Why are people so mad at movie critics for Don’t Look Up reviews?

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How can we consistently judge the world, our societies, our institutions, art and even our basic daily choices – while we’re also being asked to accept the fact that virtually everything a human does is bad for our planet?

the climate crisis is manifest worsening. Our planet’s essential life systems are collapsing. We are to blame. But even with this knowledge, formulating a rational and coherent response at the individual level is virtually impossible. “Should I buy these imported blueberries? Do the systems that allow me to buy blueberries in January also hasten the apocalypse? I need to eat something.

As a member of this species of planet-destroying parasites myself, I find such mental somersaults exhausting to the point of numbness.

And I’m not the only one. Like the audience’s positive response to the film Don’t look up highlightedour species is increasingly uncomfortable with the level of cognitive dissonance now required to go through each day with our sanity intact.

You must wrestle with complex realities and the grim conclusions they lead to, or you withdraw – consciously or pampered by soothing distractions – into ignorance. Either way, it’s unsustainable for a civilization or for the natural world.

Don’t look up was Netflix most successful project to date, and it’s not hard to see why – it offers some of the great consistencies and fundamental truths we all seek. Still, there’s a palpable anger at most of the poor reviews of Don’t look upand it is for a fascinating reason.

We know that we absolutely fail as a society to find meaning and purpose. The film – even without the eloquence that many critics would apparently have preferred – shone a new spotlight on the “scar across our collective soul”, as the anthropologist David Graeber describes the psychological impact of the brutal grip of capitalism in his book Bullshit Jobs: A Theory.

The film offers no redemption. He takes a look at our society and deems it irredeemable: our leaders are despicable, the systems in which we work are largely useless and damaging, our ill-educated populations want only easy answers or comforting lies. It’s extremely uncomfortable for many people – perhaps especially those skewered in the film – including those in the media who deal in light entertainment.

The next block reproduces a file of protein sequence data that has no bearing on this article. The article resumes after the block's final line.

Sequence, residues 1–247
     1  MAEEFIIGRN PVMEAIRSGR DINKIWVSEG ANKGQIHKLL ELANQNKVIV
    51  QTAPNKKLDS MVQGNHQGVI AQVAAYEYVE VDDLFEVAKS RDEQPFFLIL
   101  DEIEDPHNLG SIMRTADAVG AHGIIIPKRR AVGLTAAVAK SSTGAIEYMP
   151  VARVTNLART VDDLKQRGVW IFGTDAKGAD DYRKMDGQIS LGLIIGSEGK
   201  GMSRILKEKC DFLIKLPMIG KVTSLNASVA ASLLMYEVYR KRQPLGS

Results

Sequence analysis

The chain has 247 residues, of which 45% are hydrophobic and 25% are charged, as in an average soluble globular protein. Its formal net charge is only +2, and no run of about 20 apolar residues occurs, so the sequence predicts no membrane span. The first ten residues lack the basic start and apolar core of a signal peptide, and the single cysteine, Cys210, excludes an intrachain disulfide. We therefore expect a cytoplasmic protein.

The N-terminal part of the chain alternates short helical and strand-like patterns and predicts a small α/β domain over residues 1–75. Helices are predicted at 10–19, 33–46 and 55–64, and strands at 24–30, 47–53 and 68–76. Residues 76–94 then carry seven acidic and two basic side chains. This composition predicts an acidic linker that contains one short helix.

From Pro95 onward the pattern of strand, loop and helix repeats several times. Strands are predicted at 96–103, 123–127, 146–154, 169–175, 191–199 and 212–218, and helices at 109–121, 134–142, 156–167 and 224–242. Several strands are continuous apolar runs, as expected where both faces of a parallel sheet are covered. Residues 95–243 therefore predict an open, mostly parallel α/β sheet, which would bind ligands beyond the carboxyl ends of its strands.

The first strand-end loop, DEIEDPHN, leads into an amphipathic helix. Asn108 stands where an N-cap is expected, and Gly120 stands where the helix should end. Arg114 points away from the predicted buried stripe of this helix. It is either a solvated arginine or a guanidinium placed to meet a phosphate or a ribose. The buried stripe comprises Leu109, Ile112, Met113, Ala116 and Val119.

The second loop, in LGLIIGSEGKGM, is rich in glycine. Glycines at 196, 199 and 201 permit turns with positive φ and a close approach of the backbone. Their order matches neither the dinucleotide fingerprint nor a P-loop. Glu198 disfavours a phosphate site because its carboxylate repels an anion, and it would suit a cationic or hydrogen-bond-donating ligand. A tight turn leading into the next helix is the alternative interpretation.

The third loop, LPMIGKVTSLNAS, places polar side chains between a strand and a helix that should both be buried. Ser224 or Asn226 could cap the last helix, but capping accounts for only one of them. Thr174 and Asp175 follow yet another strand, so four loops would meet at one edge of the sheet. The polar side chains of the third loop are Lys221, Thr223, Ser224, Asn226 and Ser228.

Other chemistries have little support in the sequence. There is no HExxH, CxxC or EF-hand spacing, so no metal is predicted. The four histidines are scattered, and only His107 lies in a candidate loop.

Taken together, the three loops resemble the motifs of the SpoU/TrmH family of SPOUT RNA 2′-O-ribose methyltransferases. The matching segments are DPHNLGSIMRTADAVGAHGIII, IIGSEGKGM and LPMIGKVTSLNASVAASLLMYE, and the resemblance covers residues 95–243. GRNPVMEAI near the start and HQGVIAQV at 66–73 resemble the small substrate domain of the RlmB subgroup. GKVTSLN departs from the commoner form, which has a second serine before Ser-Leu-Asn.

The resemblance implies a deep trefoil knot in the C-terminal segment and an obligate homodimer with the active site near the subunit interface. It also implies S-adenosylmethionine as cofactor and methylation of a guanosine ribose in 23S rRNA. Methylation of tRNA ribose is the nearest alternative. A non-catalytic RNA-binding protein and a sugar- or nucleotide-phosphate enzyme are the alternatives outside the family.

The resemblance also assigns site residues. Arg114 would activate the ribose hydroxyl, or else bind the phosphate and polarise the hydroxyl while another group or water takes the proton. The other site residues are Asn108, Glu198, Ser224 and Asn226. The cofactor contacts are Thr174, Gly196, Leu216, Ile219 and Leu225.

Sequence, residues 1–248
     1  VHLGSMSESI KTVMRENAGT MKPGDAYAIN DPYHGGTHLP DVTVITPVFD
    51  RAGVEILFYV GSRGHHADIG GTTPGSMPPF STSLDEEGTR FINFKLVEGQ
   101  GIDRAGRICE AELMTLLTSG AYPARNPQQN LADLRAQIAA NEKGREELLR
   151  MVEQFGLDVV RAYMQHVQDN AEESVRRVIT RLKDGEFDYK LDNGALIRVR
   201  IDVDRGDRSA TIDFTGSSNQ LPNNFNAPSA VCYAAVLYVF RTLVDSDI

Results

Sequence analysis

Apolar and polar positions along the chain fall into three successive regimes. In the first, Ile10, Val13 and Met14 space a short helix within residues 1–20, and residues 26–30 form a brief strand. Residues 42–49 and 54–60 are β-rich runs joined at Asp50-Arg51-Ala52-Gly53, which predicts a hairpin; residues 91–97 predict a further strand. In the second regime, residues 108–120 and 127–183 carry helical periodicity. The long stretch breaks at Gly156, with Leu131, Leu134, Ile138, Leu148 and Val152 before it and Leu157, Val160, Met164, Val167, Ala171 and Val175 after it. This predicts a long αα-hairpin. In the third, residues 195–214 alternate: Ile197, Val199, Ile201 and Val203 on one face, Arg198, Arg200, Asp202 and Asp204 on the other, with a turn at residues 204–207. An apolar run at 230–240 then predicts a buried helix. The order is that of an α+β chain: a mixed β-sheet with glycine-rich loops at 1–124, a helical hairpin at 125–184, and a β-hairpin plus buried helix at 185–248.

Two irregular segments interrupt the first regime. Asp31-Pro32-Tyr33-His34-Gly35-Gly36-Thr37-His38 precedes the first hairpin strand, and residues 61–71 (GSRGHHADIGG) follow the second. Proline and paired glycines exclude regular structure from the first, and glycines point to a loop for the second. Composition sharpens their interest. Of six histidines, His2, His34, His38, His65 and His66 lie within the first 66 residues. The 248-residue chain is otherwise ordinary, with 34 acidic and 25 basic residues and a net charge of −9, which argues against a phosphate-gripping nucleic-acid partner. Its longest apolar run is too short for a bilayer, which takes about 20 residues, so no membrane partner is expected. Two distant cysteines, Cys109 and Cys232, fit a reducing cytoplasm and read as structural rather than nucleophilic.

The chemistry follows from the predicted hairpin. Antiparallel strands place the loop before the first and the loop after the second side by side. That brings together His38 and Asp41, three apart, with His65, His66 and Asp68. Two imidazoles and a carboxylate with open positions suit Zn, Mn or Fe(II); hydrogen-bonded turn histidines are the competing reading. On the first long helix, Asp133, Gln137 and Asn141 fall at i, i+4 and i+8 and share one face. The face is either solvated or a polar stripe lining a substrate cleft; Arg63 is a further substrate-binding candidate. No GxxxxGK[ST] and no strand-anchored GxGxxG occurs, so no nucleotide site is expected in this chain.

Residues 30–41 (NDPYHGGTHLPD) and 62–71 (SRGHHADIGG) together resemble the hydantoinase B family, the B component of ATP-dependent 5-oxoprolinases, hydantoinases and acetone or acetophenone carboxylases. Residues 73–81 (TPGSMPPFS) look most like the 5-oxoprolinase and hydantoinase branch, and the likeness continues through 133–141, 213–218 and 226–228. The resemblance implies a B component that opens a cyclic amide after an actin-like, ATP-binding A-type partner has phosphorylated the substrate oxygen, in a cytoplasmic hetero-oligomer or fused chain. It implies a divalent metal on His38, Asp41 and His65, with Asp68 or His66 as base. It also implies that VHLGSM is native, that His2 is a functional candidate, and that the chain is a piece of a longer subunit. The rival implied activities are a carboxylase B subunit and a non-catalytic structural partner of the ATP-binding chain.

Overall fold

In addition to the climate crisis, the film captures our confused and incomplete response to the coronavirus pandemic, raising questions about trust in the media, politicians, corporations, science and whose interests are ultimately served.

It shows us what a mess we are in. He does not show us how to escape this mess. Again, it makes us uncomfortable or can ironically offer relief that at least some of us are able to admit how screwed up we are. But more than that, the intense debate over the film’s critical reception should serve as a turning point.

As our species struggles, for real, whether it has a future or not, it’s just not good enough for those of us in wealthy countries to maintain our existing cultural norms (which are in largely derived from the political and economic doctrines of the 20th century).

For their part, the critics didn’t do anything different from how they would normally review a film – they looked at the scriptwriting, the acting, the jokes and the making, and the film’s context in relation to d other films, as they would any other Hollywood action movie.

But what suddenly emerges is disgust at this narrow way of thinking. A large number of responses to the film’s poor reviews say that critics “missed it”. They’re right.

What is that scientists and environmental activists are better able to explain why the film was powerful? It’s because the lens through which they see the world suddenly overlaps with the larger concerns people have about the state of the world – not the state of cinema.

It should be noted that not all critics have attacked the film, and many have indeed acknowledged its key elements, including four star review by my colleague Clarisse Loughrey.

Empire magazine also gave the film a good reviewalthough he somehow made no mention that the film was an allegory for the climate emergency – perhaps illustrating the chasm in concern for the natural world that this article is about.

As the climate crisis deepens, it will increasingly inform the human experience – from our most fundamental interactions with our planet, such as breathing, eating and drinking, to our relationships, arts, architecture and political philosophy.

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To the government, there were calls for the creation of a “net zero ministry”, which could work across departments to review policies to ensure they operate within a common environmental framework. It’s a good idea – it should be implemented.

A similar approach should be taken by the mass media. Tomorrow’s critics must invest more in the human project, that is, understand how the climate crisis and the environment affect their subject.

We need to find a new way to see what we do and the world we are part of, not outside of it.

Harry Cockburn is environmental correspondent and editor of The Independent

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